Friday, January 23, 2009

State considering closing parks


Four or five state parks would be closed and entrance fees charged at the remaining ones, under a bare-bones budget presented Thursday by the Department of Land and Natural Resources.

DLNR Chairwoman Laura Thielen said the department hadn’t “shredded down” to deciding which parks would be closed. Closing four or five parks is part of a 20-percent budget-cut scenario that might get even more draconian, based on revised economic estimates that put the state $1.8 billion short over three years.

Factors that would be considered include how easy the property would be to close off from public access, how popular it is, how much would be saved in utility costs and whether it was in a remote location that stretches parks staff too thin. No matter where the parks were, the department would take care that the impact wouldn’t’ be felt by just one community or island, she said.

Thielen, speaking to the House Finance Committee, said closing four or five parks could save $250,000 out of a $4.7 million parks and recreation budget. Hawaii's Division of State Parks maintains 53 state parks spanning 25,000 acres on five islands. About 60 percent of park-goers are tourists, compared to 40 percent locals.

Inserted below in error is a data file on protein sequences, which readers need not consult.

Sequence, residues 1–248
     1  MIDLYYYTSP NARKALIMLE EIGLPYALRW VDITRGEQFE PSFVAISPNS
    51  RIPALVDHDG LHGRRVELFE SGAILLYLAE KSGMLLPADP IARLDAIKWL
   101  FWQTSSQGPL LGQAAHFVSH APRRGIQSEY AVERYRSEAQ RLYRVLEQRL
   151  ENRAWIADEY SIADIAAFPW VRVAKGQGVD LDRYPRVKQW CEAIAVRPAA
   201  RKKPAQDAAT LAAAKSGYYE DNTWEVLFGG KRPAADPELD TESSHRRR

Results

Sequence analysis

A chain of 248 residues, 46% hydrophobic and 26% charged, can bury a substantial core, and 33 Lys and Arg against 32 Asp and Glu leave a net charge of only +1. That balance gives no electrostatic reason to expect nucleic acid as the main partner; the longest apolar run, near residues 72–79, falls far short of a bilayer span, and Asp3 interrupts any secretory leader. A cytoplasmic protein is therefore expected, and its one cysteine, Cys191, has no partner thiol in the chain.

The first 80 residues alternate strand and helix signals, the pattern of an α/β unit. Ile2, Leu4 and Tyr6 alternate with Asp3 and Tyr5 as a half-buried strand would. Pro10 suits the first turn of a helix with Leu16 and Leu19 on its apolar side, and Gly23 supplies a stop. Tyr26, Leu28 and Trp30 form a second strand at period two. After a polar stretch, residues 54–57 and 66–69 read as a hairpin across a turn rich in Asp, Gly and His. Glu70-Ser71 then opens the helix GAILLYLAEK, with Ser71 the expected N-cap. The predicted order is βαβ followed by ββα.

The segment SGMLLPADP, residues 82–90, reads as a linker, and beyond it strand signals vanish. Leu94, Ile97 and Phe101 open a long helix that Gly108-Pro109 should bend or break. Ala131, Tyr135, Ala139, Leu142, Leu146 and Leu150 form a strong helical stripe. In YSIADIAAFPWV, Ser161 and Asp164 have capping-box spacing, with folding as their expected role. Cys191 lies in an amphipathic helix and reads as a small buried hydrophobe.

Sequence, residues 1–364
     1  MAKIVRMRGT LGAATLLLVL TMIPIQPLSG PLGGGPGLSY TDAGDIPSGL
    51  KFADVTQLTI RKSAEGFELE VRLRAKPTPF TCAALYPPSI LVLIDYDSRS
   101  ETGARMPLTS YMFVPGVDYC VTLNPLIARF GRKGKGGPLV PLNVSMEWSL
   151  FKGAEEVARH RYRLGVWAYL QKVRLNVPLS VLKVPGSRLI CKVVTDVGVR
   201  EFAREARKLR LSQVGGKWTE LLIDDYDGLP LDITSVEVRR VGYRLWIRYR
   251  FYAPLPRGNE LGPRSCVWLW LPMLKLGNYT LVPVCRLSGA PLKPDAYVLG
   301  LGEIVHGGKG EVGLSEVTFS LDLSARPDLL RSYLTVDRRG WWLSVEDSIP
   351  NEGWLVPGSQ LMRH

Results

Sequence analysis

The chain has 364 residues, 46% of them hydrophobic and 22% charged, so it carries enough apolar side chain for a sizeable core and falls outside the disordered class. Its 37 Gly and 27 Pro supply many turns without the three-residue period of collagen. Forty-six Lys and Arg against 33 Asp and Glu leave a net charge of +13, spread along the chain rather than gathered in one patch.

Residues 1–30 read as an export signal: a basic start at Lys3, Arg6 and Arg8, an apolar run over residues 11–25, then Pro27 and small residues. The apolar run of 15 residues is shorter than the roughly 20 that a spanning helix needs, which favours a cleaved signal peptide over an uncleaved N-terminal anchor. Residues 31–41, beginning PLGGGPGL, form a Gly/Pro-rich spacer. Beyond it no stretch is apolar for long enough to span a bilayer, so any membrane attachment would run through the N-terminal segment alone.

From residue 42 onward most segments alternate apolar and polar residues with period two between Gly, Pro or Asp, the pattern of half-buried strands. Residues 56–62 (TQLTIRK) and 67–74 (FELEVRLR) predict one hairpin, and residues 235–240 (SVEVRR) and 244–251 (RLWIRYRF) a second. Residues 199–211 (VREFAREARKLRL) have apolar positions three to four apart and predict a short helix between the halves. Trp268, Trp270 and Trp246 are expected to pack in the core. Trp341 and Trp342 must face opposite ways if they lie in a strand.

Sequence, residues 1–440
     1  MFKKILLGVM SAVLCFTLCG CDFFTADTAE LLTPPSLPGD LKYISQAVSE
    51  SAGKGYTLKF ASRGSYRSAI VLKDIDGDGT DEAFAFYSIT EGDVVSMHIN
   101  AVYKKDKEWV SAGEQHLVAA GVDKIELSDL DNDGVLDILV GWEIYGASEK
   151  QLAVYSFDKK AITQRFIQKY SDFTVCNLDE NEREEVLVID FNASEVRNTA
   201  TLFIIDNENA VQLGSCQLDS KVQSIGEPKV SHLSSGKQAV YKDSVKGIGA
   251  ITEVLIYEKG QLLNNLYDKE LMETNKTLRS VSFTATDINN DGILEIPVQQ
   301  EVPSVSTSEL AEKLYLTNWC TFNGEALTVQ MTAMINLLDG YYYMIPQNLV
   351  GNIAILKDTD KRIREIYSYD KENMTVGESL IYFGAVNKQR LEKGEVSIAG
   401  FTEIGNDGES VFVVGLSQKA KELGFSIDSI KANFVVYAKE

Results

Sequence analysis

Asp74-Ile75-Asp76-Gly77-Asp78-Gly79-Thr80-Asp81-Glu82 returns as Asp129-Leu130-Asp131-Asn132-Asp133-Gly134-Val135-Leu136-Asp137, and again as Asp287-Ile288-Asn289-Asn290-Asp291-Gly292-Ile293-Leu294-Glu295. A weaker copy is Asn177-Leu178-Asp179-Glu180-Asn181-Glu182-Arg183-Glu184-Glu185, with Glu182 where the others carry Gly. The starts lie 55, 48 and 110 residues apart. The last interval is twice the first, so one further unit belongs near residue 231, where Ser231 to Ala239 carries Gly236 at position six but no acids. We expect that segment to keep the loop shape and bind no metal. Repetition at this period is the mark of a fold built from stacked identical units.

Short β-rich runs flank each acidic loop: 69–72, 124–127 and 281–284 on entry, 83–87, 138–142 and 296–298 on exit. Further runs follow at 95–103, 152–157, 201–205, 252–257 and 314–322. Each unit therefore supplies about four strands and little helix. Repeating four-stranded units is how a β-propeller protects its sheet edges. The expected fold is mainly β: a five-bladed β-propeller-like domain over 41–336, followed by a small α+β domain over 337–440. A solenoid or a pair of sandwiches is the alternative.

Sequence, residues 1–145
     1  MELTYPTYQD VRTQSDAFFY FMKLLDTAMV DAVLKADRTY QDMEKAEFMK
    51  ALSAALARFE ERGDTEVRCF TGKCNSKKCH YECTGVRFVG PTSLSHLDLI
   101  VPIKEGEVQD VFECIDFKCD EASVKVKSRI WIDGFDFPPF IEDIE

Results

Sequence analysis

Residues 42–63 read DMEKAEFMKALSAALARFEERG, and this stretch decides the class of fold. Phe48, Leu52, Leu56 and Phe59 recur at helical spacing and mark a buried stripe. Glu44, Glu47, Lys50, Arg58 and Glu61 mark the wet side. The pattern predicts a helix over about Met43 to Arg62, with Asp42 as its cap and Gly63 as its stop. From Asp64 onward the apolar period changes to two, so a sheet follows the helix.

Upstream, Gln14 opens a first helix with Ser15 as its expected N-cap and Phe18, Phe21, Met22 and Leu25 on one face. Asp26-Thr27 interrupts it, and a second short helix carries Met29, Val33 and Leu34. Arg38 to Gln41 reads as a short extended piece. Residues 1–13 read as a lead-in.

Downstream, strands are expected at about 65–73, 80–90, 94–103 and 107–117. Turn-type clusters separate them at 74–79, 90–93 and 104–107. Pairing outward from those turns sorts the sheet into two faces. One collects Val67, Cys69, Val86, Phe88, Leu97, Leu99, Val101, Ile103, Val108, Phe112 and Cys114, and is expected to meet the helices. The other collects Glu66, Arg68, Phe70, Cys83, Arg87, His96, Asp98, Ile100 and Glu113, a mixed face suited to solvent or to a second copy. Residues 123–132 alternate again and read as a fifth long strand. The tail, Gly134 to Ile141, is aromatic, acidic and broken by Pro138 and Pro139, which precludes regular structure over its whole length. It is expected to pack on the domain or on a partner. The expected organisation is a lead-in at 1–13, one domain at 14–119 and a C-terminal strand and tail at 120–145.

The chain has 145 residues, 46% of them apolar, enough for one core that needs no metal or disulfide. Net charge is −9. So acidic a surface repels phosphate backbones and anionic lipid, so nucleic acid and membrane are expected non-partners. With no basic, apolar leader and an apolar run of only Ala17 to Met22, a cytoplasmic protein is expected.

“The parks are in dire straits,” Thielen said.

Her preference, however, is not shuttering parks but improving them and charging fees. Under her “Recreational Renaissance” plan, DLNR would float $240 million in bonds, fix up the parks and small boat harbors, and then charge fees for people to use them. Walk-on guests would pay $1 and cars could get in for $5, Thielen said.

“While people don’t like fee increases,” Thielen said, “I think if they see improvements and transparency and a comprehensive plan, we’re going to see we have popular support for that.”